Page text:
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#Tip: Useful tools for digital newsrooms in 2014

January 13th, 2014 | No Comments | Posted by in Data, Multimedia, Top tips for journalists
Image by JM. Some rights reserved.

Image by JM. Some rights reserved.

NewsWhip has put together a list of tools to help digital journalists brush up on their skills and stay ahead of the game this year.

The list of 10 tools every digital newsroom should be using in 2014 includes lots of useful tips for gathering, curating and visualising content.

Items on the list include the Storyful multisearch Chrome plug-in, which allows you to search multiple social networks from your browser bar, and Datawrapper, a quick and simple tool for visualising data.

Other tools include Google image search for verification and of course NewsWhip’s own social news monitoring platform, Spike.

We’ve also put together our own list of essential skills for journalists to hone in 2014. Online journalists can learn more about new digital skills and developments at our news:rewired  conference on Thursday 20 February, 2014.

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#Tip: Advice for journalists using LinkedIn

Image by Nan Palmero on Flickr. Some rights reserved.

Image by Nan Palmero on Flickr. Some rights reserved.

At our news:rewired conference in September we ran an entire session dedicated to LinkedIn, and focused on how journalists can use the platform to engage with the online community. A write-up of some of the tips shared during the workshop can be found on the event website.

Last week, the blog for the International Journalists’ Network published further advice on “how journalists can conduct more effective searches” using the platform. The collection of pointers came out of a Q&A with Yumi Wilson, corporate communications manager at LinkedIn.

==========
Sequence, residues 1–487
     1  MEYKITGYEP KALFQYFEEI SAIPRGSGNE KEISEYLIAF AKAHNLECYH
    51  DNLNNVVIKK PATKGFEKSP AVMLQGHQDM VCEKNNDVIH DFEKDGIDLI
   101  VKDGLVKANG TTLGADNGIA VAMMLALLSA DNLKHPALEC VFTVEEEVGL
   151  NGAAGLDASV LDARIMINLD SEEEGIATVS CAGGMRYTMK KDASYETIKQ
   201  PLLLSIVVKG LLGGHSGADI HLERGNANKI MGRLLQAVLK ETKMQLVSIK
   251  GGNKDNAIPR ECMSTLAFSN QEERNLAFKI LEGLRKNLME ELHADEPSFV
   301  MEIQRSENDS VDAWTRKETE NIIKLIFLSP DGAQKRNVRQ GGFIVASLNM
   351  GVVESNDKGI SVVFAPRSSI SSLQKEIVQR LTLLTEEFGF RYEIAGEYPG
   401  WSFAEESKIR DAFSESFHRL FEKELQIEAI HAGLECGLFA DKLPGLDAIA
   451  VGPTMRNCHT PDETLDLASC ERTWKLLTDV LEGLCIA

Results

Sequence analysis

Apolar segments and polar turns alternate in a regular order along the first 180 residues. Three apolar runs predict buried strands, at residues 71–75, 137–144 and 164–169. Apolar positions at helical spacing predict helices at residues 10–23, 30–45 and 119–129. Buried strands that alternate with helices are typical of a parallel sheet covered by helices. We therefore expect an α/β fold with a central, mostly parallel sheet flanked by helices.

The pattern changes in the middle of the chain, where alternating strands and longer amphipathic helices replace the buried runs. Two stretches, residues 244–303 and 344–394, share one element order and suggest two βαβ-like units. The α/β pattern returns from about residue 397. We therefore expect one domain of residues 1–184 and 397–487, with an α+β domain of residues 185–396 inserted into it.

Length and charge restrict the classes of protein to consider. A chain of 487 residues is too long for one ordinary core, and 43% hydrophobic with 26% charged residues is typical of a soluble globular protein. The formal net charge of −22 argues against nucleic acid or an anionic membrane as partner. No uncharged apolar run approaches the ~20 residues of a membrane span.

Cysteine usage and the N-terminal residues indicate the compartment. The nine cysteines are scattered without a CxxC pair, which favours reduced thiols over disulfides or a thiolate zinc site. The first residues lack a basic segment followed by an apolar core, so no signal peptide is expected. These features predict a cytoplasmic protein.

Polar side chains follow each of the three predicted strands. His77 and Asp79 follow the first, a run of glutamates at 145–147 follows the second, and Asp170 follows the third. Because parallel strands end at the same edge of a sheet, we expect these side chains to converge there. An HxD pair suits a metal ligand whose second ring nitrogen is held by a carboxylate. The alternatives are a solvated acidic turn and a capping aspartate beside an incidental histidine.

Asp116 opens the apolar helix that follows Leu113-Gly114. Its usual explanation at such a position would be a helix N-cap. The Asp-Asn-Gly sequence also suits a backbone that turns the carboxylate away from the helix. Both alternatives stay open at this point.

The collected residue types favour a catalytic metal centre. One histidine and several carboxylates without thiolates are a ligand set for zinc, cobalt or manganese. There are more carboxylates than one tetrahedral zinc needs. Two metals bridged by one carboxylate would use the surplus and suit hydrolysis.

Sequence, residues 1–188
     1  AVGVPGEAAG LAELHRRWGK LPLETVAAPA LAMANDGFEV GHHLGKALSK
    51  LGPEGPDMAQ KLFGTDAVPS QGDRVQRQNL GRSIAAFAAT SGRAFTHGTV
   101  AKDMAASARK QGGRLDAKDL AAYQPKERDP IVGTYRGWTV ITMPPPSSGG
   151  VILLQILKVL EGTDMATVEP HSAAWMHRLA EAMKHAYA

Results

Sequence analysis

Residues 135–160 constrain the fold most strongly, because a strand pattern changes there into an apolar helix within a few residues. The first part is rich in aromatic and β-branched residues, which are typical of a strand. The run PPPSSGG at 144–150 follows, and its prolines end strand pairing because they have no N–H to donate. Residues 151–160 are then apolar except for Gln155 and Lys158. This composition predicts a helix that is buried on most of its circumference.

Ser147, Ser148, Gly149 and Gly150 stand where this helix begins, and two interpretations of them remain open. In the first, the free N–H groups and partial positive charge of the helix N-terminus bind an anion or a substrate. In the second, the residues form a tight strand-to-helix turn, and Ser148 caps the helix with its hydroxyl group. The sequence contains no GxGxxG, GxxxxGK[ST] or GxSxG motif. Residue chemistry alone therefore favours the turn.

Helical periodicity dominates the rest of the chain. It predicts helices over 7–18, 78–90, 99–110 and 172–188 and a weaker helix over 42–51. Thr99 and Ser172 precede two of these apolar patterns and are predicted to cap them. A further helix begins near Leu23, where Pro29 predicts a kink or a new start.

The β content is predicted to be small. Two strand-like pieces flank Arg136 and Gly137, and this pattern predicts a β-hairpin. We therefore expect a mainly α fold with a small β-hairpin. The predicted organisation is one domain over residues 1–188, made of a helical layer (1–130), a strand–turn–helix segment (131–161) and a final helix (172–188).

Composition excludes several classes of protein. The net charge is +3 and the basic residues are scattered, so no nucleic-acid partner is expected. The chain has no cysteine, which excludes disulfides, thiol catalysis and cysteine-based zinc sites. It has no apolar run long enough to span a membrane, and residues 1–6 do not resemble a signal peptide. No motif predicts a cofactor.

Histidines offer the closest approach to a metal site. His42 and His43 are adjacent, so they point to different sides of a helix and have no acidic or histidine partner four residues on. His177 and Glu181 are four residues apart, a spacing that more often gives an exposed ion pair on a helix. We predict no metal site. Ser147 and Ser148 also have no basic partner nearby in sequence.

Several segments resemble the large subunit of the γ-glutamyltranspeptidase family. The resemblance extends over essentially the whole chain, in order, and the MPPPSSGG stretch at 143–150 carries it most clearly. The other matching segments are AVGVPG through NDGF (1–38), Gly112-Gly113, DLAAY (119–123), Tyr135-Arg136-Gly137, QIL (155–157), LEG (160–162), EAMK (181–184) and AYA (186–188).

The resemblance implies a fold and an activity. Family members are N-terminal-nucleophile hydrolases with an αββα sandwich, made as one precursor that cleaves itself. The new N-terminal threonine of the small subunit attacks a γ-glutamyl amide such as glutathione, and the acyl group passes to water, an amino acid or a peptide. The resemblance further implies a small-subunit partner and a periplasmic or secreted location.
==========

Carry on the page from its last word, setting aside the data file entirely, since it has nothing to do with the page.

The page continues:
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#Podcast: Using Instagram to find and share media with meaning

Image by Sean MacEntee on Flickr. Some rights reserved

Image by Sean MacEntee on Flickr. Some rights reserved.

The use of Instagram continues to spread among journalists, as news outlets test out different ways to share images, and now microvideo, with their existing audience and to reach new communities.

In this week’s podcast, we look at different examples of how Instagram has been used to share and gather images. As well as some of the initial lessons learned, we discuss the benefits for individual photographers or journalists and the media outlet overall.

We hear from:

  • Peter Bale, vice-president and general manager, CNN International Digital
  • Paul Moakley, deputy photo editor, Time magazine
  • Kathy Ryan, photo editor, The New York Times Magazine
With additional reporting by Alastair Reid, news reporter, Journalism.co.uk.
You can hear future podcasts by signing up to the Journalism.co.uk podcast feed on iTunes.
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#Tip: Take a note of this list of tools and apps via the ONA conference

November 14th, 2013 | No Comments | Posted by in Top tips for journalists
Toolbox

Image by Jenn Durfey on Flickr. Some rights reserved.

Reporters from Gannett (which owns Newsquest in the UK, and a number of US-based outlets), who attended the ONA conference last month, were using this Tumblr blog to look at the expert pointers shared and subjects discussed during the event. One post in particular offers a great list of tools and apps which journalists can use for a multitude of tasks, including a number of ways to track social media, such as during breaking news events.

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#Tip: Catch up on video from BBC social media event

social-poynter

The BBC College of Journalism has published a collection of videos from its social media conference, which took place last month, on YouTube. Each video covers a session, with 11 in total. Subjects looked at include breaking news, curation, user-generated content and investigative journalism, and feature plenty of inspiration and expert advice on best practice.

Journalism.co.uk followed the event from afar via the livestream, and reported on some of the tips shared on using social media, as well as a look at the impact of such technology on investigative reporting.

If you have a tip you would like to submit to us at Journalism.co.uk email us using this link.